Huffman believes the program is important not only because it teaches basic skills like working with tools, but because it changes the way students think. For him, robotics gives young people an opportunity to work in a professional atmosphere while learning how to solve problems.
The most important part of the program for Huffman, however, is getting students to develop a plan for life after high school.
"I've seen some that never considered to go to college actually decide to go. They may not be going into a technical field but they actually decide what they want to do after they get out of high school," he said. "I've seen students change their total mind as to what they want to do in their lives."
Metro Detroit high school robotics show off their basketball shooting bots at an exhibition held at Detroit's Compuware building on August 14, 2012. The teams were from Detroit's Finney and Cass Tech high schools, Lake Orion High School, and Andover/Lahser, as well as the International Academy in Bloomfield Hills . The event was sponsored by Quicken Loans. Here, members of Cass Tech's robotics club make some adjustment to their robot, the only catapult at the exhibition.
Metro Detroit high school robotics show off their basketball shooting bots at an exhibition held at Detroit's Compuware building on August 14, 2012. The teams were from Detroit's Finney and Cass Tech high schools, Lake Orion High School, and Andover/Lahser, as well as the International Academy in Bloomfield Hills . The event was sponsored by Quicken Loans.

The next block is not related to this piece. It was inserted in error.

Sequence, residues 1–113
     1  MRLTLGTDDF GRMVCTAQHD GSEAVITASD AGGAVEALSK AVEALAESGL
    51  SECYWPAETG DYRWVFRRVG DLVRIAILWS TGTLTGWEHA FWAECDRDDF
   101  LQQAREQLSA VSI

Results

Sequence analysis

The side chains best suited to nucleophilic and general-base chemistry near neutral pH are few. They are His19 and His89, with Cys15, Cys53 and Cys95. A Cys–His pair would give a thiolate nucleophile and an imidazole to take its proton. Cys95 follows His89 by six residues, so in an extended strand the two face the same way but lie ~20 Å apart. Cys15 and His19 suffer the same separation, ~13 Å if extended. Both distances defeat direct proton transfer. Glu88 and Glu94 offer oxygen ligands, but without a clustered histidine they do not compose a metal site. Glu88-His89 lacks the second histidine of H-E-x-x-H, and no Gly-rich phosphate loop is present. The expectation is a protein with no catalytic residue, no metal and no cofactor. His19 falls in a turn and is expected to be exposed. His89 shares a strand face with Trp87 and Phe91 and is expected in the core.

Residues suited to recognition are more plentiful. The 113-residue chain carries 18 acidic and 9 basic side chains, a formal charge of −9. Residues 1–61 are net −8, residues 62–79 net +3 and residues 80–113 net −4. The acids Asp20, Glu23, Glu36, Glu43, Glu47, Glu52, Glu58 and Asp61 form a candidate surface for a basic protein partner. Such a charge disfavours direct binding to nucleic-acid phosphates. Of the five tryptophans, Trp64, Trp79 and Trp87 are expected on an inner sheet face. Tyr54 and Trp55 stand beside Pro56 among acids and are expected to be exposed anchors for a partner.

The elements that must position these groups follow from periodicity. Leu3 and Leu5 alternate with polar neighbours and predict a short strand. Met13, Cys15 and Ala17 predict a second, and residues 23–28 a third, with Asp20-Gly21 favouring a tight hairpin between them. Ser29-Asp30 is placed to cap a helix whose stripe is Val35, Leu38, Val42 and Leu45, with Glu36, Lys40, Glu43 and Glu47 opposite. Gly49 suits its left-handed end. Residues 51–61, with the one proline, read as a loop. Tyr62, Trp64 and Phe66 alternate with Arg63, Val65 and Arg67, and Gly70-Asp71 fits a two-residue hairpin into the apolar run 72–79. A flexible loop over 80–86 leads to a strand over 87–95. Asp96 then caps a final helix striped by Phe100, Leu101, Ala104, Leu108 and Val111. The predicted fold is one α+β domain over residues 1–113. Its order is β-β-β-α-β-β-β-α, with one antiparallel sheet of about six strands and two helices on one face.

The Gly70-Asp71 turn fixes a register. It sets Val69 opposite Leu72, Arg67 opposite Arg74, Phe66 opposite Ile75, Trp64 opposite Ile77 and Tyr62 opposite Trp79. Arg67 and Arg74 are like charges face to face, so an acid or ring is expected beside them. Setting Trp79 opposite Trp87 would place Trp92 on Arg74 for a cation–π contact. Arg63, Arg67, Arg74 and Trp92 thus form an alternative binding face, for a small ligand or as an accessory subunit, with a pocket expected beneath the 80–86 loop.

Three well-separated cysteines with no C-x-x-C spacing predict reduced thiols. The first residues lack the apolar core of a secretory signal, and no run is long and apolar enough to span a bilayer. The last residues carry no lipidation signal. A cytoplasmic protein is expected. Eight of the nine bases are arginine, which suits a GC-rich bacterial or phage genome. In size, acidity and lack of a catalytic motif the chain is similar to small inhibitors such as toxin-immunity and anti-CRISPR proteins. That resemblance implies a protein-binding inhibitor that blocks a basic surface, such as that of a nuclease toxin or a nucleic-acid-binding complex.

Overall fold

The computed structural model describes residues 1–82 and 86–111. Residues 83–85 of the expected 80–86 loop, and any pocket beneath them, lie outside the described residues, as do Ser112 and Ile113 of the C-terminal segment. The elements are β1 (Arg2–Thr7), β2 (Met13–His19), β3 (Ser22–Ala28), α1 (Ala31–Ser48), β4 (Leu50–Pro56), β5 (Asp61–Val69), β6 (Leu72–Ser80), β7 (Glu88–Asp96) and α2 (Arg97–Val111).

Lake Orion's robot attempts to scoop up a ball.
Members of the Finney and Cass Tech Robotics Clubs pilot their basketball shooting bots.
Robots rumble at the Compuware building.
Members of Cass Tech's robotics team stand with their coach Karl Balke, who teaches Physics at their school.
Robots rumble at the Compuware building.
Mentor Tito Huffman, who works as an engineer with General Motors (right) stands with a student from Finney's Robotics team.
Finney Robotics mentor Tito Huffman watches on as his students use their robot to shoot a basketball at the net.
Cass Tech's robot was the only catapult at the exhibition.